Mysteries of The Rosie Cross - Free eBook

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Mysteries of The Rosie Cross. The Rosicrucian Order. Learn more about this secret society that is the father of Freemasonry. Gloucester, Virginia Links and News website. Visit us.

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Mysteries of The Rosie Cross - Free eBook

  1. 1. Special Edition Brought To You By; TTC Media Properties Digital Publishing: February, 2014 http://www.gloucestercounty-va.com Visit us. MYSTERIES OF THE ROSIE CROSS, OR The History of that Curious Sect of the Middle Ages,
  2. 2. KNOWN AS THE ROSICRUCIANS; WITH Examples of their Pretensions and Claims AS SET FORTH IN THE WRITINGS OF THEIR LEADERS AND DISCIPLES. A. READER, ORANGE STREET, RED LION SQUARE, LONDON. 1891. [Pg iii] PREFACE. In the following pages an attempt has been made to convey something like an intelligible idea of the peculiar mystic sect known to the readers of history, as the Rosicrucians. The subject is confessedly difficult, owing to the grossly absurd character of the writings left by the disciples of this body, and the secrecy with
  3. 3. which they sought to surround their movements and clothe their words. Anything like a consecutive narration is an impossibility, the materials at hand being so fragmentary and disjointed. We have, however, done the best that we could with such facts as were within reach, and if we are not able to present so scientific and perfect a treatise as we might have hoped to do, we at least trust that the following contribution to the scanty literature treating of this matter will be found interesting, and will throw some light upon what is shrouded in such profound mystery. [Pg iv] CONTENTS. CHAPTER THE FIRST. WHO AND WHAT WERE THE ROSICRUCIANS 1
  4. 4. CHAPTER THE SECOND. HISTORICAL NOTICES OF THE ROSICRUCIANS 15 CHAPTER THE THIRD. EARLY LEADERS—LITERATURE—ROMANTIC STORIES 22 CHAPTER THE FOURTH. THE FAME AND CONFESSION OF THE FRATERNITY OF R. C. 34 CHAPTER THE FIFTH. JOHN HEYDON AND THE ROSICRUCIANS 60 CHAPTER THE SIXTH. GABALIS: OR THE EXTRAVAGANT MYSTERIES OF THE CABALISTS 81 CHAPTER THE SEVENTH. THE HERMETICK ROMANCE; OR CHYMICAL WEDDING 102 CHAPTER THE EIGHTH. MODERN ROSICRUCIANS 126 [Pg v] AUTHORITIES. El Havareuna; or the English Physitian’s Tutor, in the Astrobolismes of Mettals Rosie Crucian, Miraculous Saphiric Medicines of the Sun and Moon, the Astrolosmes of Saturn, Jupiter, Mars.... All harmoniously united and opperated by Astromancy and Geomancy.... Whereunto is added Psonthonphanchia.... the Books being also an appeal to the natural faculties of the mind of man whether there be not a God. By John Heydon, M.D. 1664. The Holy Guide: leading the way to the Wonder of the World (a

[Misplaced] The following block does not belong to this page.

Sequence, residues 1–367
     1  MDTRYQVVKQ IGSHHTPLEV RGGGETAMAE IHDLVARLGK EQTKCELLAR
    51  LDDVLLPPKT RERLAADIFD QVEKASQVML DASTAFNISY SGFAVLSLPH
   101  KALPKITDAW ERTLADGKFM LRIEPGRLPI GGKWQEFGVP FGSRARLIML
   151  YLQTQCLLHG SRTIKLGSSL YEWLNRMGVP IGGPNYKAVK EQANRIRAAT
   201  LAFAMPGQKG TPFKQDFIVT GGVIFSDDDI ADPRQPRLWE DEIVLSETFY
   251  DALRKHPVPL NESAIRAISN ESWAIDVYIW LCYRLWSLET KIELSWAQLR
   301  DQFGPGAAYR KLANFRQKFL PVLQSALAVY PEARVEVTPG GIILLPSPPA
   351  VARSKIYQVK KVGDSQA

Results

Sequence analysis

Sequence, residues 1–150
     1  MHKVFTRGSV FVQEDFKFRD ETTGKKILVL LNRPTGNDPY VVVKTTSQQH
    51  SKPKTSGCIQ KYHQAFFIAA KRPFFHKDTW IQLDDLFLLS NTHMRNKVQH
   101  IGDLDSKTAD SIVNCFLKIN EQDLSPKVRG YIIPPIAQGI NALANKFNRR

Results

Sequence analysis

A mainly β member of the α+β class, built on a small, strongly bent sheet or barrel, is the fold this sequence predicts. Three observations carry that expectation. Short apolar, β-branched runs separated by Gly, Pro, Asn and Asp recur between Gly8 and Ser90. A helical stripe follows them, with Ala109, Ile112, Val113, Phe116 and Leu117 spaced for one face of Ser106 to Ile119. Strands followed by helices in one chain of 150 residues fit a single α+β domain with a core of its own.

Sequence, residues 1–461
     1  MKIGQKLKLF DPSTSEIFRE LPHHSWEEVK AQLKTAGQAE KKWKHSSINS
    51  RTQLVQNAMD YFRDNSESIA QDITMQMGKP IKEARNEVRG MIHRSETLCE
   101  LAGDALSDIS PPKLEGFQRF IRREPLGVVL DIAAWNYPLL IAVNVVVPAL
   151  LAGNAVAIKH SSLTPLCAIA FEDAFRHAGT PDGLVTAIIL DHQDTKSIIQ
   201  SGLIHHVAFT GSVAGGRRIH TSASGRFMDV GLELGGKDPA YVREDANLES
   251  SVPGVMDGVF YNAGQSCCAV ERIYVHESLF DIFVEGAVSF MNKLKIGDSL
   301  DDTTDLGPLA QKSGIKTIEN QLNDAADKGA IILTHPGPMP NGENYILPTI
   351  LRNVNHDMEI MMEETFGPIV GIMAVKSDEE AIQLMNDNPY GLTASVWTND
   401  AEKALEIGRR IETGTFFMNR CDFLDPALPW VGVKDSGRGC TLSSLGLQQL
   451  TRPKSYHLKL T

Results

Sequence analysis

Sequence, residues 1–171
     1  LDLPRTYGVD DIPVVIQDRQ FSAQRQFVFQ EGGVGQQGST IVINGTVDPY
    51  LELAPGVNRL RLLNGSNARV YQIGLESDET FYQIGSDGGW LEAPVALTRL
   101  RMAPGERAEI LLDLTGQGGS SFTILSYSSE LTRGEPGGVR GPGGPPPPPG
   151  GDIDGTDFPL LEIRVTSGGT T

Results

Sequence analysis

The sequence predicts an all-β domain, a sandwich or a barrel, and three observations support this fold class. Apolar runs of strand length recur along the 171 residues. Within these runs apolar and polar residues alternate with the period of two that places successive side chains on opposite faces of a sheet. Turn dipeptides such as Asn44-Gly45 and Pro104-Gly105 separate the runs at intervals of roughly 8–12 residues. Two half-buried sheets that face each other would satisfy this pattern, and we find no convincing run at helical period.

5. 5. compleat Physician) teaching the knowledge of all things, past, present, and to come, viz., of pleasure, long life, health, youth, Blessedness, Wisdome, Virtue; and to cure, change, and remedy all diseases in young or old. With Rosie Crucian Medicines, etc. (The Rosie Cross uncovered, and the Places, Temples, Holy Houses.... and invisible Mountains of the Brethren discovered), etc. John Heydon. 1662. A New Method of Rosie Crucian Physick, wherein is shewed the cause, and therewith their experienced medicines for the cure of all diseases. John Heydon. 1658. A Quintuple Rosie Crucian Scourge, for the correction of that pseudo-chymist, Geo. Thomson, being in part a vindication of the Society of Physicians. John Heydon. 1665. Theomagia, or the Temple of Wisdome. In three parts, spiritual, celestial and elemental; containing the occult powers of the Angels of Astromancy.... The Mysterious virtues of the character of the Stars.... The knowledge of the Rosie Crucian Physick. J. Heydon. 1662.[Pg vi] The Rosie Crucian Infallible Axiomata, or Generall Rules to know all things past, present, and to come. Usefull, pleasant, and profitable to all, and fitted to the understanding of mean capacities. John Heydon. 1660.
  6. 6. Rise and Attributes of the Rosi Crucians. By J. Von D——. Mosheim’s Ecclesiastical History. Brucker’s History of Philosophy. The Hermetick Romance, or Chemical Wedding. By C. Rosencreutz. New Curiosities of Literature. G. Soane. Tale of a Tub. Swift. Notes and Queries. Series 1-8. 6 vols., 7, 8, 10. Warburton’s Commentary on the Rape of the Lock. Spectator. Nos. 379, 574. National Magazine. Vol. 1. London Magazine. Vols. 9, 20. Western Monthly. Vol. 3. Book Lore. Vol. 3. Plot’s History of Staffordshire. The Count of Gabalis, or the Extravagant Mysteries of the Cabalists. Butler’s Hudibras. Mackay’s Popular Delusions. Higgins’s Anacalypsis. Fame and Confession of the Rosie Cross. E. Philateles. Mackay’s Symbolism Freemasonry. of De Quincey on Rosicrucianism and Freemasonry. Apologia Compendiaria Fraternitatis de Rosea Cruce. Fama Fraternitatis. 1617, etc.